In accordance with this invention, generally stated, a spray blanket cleaner system is provided for cleaning blankets on plurality of web or offset printing presses during operation of the press, the system having fluid control systems that dispense solvent, water and air to spray systems in specific quantities and at specific pressures as directed by a control element. The spray blanket cleaner system can be periodically actuated to simultaneously or individually spray the surface of blankets of web press units.
The frequency of the automatic actuation and operation of the spray system of this invention is regulated by the control element and is adjustable by a press operator in response to various anticipated or observed operating parameters such as the length of the press run and the lint content of the paper stock.
The foregoing and other objects, features and advantages of the present system will be apparent to those skilled in the art in light of the following description of preferred embodiments in connection with the accompanying drawings.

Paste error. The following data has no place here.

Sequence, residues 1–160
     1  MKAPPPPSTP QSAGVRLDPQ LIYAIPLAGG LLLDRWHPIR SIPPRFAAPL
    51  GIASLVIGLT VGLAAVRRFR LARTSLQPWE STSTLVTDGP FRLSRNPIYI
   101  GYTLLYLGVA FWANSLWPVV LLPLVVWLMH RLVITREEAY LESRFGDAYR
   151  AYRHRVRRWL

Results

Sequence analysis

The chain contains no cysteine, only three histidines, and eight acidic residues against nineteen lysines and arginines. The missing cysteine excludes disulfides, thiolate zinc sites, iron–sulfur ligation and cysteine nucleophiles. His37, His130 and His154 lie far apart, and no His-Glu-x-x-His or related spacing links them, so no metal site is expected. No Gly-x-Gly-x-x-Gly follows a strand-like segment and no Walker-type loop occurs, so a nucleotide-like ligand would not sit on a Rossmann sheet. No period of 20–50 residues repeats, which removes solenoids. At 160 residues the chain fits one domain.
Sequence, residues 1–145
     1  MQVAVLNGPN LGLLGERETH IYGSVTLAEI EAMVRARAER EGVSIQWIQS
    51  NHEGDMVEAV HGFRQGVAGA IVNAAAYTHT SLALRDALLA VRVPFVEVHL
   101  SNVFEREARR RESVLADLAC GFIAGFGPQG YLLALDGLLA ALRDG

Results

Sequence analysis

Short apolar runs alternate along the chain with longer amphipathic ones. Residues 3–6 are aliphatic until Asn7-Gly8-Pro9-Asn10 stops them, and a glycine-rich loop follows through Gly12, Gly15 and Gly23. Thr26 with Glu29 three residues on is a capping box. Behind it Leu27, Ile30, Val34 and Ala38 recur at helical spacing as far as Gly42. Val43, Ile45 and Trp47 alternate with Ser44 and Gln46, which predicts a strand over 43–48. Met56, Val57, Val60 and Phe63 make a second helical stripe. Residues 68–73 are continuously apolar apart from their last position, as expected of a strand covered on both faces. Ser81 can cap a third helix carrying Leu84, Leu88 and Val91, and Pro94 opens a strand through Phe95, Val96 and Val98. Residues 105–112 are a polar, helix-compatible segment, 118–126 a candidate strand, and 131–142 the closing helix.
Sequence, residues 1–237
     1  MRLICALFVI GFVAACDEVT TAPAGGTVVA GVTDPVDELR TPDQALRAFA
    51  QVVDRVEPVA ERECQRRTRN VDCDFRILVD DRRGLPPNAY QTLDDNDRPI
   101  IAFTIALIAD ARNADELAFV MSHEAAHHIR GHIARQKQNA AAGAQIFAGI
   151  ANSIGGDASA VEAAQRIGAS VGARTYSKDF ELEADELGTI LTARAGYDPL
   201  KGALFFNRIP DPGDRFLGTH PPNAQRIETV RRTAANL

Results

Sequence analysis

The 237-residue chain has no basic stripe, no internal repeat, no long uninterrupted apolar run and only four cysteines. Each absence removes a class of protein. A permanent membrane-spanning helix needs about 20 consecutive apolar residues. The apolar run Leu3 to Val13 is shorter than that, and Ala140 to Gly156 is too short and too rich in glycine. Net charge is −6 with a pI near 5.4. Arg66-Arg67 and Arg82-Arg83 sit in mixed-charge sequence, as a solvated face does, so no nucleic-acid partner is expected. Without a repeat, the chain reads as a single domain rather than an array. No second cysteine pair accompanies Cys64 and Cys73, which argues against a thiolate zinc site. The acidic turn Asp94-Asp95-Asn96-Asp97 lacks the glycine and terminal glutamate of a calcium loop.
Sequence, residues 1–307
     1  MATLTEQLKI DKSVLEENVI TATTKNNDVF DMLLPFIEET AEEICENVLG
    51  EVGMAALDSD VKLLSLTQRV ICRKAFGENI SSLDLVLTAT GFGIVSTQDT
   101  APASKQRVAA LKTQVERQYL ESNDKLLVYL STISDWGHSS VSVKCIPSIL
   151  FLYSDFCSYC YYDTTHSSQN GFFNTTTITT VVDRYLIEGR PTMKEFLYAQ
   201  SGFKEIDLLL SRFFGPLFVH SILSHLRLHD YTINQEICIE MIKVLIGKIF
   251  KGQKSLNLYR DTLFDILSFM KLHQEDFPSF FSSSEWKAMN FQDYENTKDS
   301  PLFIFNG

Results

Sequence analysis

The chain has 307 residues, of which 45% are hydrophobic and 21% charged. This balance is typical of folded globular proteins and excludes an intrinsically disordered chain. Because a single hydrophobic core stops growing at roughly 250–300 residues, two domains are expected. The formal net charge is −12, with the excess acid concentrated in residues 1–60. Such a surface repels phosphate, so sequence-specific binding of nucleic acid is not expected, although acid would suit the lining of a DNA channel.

FIG. 1 is a schematic showing the basic fluid flow and control element in accordance with a preferred embodiment of the invention;
FIG. 2 is a side view of a center feed spray system.
FIG. 3 is a side view of an end feed spray system.
Referring now to the drawings, and, in particular, to FIG. 1, there is shown a fluid control system consisting of two main components; an air box 2 and fluid boxes 4. Each press unit is equipped with one air box 2 and two fluid boxes 4 which control the necessary fluids and air to the spray systems. A center feed spray system is shown in FIG. 2 and an end feed spray system is shown is FIG. 3. The fluid control system regulates solvent, water and air to the spray systems in specific quantities and at specific pressures as directed by a control element 28.
The air box 2 provides regulated air pressure as required for system function. Compressed air enters the air box 2 through line 6 and is supplied to an air valve manifold 5. The air then flows through air filters 11, fluid spray regulators 10 and fluid spray valves 12. When the fluid spray valves are actuated by the control element 28, the regulated air flows out of the air box 2 to the corresponding fluid box 4. It then flows past an air check valve 50, enters a fluid manifold 14 and flows into a mixing tube 21. The air then ejects the mixed solvent and water from the mixing tube 21 into a spray bar 30 (FIGS. 2 and 3).